A Black postal worker who was stopped and wrongfully detained by police in August filed a lawsuit against the city of San Rafael, California, on Wednesday.
Karl Bracy, a 21-year employee of the United States Postal Service, was on his way home from work on Aug. 7 when he was stopped and handcuffed by San Rafael police.
Police in the Northern California municipality were looking for a stolen white Chevy Impala thought to be driven by an armed individual. Bracy, still wearing his mail carrier uniform while on his way to his Fairfield home, was driving a white Chevy Malibu, a different vehicle model than the one police were searching for.
“I was shook, scared, thinking of what’s going on in the world today, thinking that I was actually going to be shot,” Bracy said during a news conference last week.
Attorney John Burris claims in the federal legal claim Bracy “was wrongfully stopped, detained, and handcuffed by the police for being a person suspected of carjacking.”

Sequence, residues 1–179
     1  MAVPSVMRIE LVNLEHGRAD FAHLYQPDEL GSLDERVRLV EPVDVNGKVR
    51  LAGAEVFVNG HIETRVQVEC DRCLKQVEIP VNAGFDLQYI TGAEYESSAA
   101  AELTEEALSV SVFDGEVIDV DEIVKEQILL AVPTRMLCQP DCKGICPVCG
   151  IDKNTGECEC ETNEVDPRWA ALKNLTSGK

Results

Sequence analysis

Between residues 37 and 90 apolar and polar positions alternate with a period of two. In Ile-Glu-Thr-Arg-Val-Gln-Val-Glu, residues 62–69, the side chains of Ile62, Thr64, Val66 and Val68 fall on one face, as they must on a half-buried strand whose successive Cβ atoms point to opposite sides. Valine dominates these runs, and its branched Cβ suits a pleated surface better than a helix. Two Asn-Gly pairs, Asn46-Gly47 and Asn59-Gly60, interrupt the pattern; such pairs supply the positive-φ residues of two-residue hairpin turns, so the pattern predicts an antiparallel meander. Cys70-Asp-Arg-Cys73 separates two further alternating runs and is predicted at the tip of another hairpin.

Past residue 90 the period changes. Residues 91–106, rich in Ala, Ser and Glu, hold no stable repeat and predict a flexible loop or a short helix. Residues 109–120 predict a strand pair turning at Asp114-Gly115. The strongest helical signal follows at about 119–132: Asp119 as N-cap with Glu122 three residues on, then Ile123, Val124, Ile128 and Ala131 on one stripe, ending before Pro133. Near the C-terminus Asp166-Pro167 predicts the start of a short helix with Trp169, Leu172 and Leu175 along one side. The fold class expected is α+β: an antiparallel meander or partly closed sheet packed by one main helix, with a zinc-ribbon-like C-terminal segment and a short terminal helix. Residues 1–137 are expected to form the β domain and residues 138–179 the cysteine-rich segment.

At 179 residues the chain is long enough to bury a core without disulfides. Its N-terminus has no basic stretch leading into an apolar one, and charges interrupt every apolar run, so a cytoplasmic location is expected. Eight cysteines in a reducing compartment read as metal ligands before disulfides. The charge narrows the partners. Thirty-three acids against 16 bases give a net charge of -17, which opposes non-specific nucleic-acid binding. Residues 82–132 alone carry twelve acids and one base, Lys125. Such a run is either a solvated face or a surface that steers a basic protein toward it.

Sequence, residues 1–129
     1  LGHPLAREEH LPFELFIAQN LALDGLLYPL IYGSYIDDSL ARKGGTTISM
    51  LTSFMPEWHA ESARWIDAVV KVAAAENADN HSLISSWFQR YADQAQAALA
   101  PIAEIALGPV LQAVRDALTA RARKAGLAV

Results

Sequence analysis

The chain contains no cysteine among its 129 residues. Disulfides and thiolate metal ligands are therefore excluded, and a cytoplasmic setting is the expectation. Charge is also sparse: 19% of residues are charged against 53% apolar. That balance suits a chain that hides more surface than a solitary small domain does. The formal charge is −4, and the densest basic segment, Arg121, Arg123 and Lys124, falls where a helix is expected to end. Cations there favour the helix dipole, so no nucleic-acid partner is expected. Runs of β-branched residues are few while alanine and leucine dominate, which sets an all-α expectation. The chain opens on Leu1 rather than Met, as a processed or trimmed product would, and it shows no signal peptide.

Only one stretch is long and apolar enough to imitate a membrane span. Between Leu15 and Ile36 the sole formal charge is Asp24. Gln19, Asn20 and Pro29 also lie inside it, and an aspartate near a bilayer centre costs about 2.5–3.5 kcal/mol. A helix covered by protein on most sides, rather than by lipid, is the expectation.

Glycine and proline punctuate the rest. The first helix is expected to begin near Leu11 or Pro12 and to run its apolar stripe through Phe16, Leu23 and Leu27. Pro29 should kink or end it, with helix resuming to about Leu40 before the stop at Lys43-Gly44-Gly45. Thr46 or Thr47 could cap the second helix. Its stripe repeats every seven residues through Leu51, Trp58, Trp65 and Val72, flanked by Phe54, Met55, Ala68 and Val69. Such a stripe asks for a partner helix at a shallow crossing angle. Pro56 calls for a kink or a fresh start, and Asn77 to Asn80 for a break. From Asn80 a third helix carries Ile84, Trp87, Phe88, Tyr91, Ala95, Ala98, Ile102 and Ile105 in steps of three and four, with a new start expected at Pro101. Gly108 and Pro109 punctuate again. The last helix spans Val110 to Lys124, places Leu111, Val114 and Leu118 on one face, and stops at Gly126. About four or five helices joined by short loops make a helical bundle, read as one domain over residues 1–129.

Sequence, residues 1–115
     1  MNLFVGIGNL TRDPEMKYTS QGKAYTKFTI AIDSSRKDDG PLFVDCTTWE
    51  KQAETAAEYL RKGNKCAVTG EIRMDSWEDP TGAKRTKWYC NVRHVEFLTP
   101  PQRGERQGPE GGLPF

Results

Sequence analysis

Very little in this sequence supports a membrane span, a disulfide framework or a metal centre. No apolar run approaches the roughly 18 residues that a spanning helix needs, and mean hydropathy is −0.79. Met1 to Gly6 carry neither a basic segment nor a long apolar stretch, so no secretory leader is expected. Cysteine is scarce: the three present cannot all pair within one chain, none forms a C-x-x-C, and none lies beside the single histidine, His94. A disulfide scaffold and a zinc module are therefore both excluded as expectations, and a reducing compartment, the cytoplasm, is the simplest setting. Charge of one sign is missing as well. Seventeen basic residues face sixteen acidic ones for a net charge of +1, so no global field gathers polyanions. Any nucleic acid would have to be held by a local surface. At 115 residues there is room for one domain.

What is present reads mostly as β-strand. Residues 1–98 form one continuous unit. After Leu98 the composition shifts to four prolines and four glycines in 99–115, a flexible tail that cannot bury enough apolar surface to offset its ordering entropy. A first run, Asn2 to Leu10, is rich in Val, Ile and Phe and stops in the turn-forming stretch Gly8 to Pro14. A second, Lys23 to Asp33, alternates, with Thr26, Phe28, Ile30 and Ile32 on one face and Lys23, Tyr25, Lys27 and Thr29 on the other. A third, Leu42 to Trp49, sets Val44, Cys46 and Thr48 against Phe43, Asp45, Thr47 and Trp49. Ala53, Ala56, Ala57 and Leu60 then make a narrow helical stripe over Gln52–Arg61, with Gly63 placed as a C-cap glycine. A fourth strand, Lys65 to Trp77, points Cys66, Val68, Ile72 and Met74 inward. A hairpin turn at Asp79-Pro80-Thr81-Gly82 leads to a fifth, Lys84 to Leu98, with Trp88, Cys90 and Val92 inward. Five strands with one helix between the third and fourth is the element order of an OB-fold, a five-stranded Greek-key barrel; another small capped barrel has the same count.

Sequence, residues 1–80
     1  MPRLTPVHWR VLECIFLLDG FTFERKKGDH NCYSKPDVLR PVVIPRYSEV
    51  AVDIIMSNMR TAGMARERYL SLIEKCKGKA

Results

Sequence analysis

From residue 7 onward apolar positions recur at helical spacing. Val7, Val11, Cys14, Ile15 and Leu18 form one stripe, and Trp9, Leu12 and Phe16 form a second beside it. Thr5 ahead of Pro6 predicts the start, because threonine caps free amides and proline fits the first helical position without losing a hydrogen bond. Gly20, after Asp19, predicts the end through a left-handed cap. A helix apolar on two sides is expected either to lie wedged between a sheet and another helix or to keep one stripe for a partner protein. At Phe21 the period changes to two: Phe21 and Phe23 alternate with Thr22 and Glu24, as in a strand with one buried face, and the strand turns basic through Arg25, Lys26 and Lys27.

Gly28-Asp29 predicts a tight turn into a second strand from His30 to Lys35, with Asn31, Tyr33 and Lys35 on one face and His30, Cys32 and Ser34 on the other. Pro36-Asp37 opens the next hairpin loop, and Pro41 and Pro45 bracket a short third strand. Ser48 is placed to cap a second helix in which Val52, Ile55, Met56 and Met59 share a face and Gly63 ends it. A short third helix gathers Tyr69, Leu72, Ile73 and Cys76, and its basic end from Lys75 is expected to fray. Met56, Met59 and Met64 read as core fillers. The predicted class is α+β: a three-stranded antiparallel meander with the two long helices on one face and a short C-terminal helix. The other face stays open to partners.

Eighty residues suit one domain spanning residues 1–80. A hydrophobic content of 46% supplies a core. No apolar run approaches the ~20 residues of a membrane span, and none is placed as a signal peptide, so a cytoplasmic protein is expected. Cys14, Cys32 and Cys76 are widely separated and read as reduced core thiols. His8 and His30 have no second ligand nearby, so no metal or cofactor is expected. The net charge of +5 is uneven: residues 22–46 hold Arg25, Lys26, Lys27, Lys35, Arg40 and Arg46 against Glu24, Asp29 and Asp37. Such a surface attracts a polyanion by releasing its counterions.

“A police officer loudly ordered him out of the car at gunpoint. Bracy noted that there were at least three other officers present with guns drawn,” the attorney’s office said.
San Rafael police released footage of the incident in September, calling the wronful stop a “mistake.”
“We made a mistake. This kind of mistake is rare, but it happens,” Police Chief Diana Bishop said.
Burris said police should have gathered more information about who they were looking for before stopping Bracy.
“It’s very disturbing because all you really had was a Black man in a car,” said Burris.
Police said they were not aware that Bracy was Black until after he stepped out of the car due to the vehicle’s tinted windows.
In video footage of the arrest, one officer told Bracy it became clear that they had stopped the wrong vehicle after police noticed stickers on the side of the car that did not match the description on the vehicle in question.
“No problem man,” Bracy said after the officer apologized. He was detained for several minutes before police let him go.
“I really think I got out of there because I had the mailman uniform on. I was just another Black man trying to go home from work,” Bracy said during the Oct. 29 conference, calling the incident “a scar that will never go away.”
Bracy has taken leave from his job and is under psychiatric care and taking medication.
Bishop said she tried to call Bracy after the incident to apologize. She has also defended the officers’ actions, stating that the stop was based on “very reasonable,” information.
“Any police officer worth their salt would have stopped that car,” she said in an interview.